All above, decision makers must think carefully about the type of equity they seek and who from. Screening venture capital providers, angels or private investors for their expertise, experience and the lifecycle of their previous deals will help to gauge not only if they are an appropriate partner, but will answer pertinent questions such as: do they turnaround their businesses quickly for a fast profit, or do they work with their investees long term?
For most, it’s the human side of equity investment that provides the difference – does the investor have invaluable industry insight that could drive the business forward, could they act as a non-exec director or advisor?
What is Mezzanine Finance?
- Also known as the hybrid, combining debt and equity
- An agile counterpart to its alternative counterparts
Mezzanine investment has recently emerged as a viable alternative to pure private equity, providing a layer of debt in leverage transactions, but more importantly as a significant source of growth capital in the SME market.
Sometimes known as the hybrid, mezzanine finance combines elements of both debt and equity funding to form an agile alternative to its counterparts. Using equity as a form of collateral, lenders can offer more finance compared to what borrowers could get via wholly debt lending.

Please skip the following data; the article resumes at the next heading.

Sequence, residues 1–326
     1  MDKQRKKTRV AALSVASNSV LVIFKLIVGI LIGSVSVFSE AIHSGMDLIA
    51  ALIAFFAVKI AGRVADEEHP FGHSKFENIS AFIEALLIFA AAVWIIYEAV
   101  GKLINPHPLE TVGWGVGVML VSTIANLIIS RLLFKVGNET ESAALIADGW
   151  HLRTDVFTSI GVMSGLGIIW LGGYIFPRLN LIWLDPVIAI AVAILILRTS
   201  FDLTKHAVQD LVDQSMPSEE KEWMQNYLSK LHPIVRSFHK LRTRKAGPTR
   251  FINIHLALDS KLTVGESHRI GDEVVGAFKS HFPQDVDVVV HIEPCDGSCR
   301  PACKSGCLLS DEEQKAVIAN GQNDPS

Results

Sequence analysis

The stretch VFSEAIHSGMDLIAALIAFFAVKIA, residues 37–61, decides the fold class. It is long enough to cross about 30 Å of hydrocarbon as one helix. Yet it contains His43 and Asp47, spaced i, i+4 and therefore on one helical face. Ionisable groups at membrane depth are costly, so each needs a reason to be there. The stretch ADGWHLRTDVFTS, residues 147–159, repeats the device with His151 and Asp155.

Priced to reflect the increased risks over debt, mezzanine finance is a flexible source of funding with extended repayment terms with limited shareholder involvement compared to that of pure equity deals. It is a promising option for firm’s that are experiencing large scale investment from a senior debt provider such as a bank, but not enough to cover the entire package. Mezzanine finance often plugs this gap and enables the deal, such as a high value management buyout, to occur.
Pros – why you should consider mezzanine funding:
- Offering the flexibility of less frequent repayments compared to traditional pure debt
- Less shares are handed to the investor compared to pure equity deals
- Often used for large-scale growth plans such as acquisitions and buyouts
Mezzanine finance is senior to equity but subordinated to pure debt (meaning it sits in the middle when it comes to a repayment order). This however means that compared to a pure debt transaction, Mezzanine is a more expensive form of debt due to higher interest rates but is seen as a cheaper form of equity.
Cons – things to think about:
- Like equity, shares of the business will need to be handed to investors
- In the long-term, more interest will be paid in comparison to pure debt investments
- Some loan agreements may include restrictive covenants, limiting how other debt is refinanced or additional investment borrowed
In conclusion, whether it be debt, equity or mezzanine finance, business owners looking to capitalise on the growth opportunities open to them in the coming years must take advantage of the increasingly supportive, flexible, and diverse funding landscape. Whatever the need and the growth plan, finding the right investment can be the catalyst to seeing a business reach and exceed its potential.